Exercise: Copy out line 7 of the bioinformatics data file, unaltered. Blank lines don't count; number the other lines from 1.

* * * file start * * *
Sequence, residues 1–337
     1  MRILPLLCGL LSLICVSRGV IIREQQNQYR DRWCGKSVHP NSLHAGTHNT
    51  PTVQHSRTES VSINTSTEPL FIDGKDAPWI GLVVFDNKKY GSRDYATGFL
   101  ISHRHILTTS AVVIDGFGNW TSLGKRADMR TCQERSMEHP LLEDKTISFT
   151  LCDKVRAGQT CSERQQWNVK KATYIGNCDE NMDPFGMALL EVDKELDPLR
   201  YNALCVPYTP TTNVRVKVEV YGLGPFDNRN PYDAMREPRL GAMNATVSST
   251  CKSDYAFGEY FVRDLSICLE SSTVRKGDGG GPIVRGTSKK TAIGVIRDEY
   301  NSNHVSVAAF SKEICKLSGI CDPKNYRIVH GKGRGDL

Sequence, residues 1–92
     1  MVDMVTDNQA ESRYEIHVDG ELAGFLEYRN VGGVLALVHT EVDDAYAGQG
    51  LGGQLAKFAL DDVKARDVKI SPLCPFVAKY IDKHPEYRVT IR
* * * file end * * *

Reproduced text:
   251  CKSDYAFGEY FVRDLSICLE SSTVRKGDGG GPIVRGTSKK TAIGVIRDEY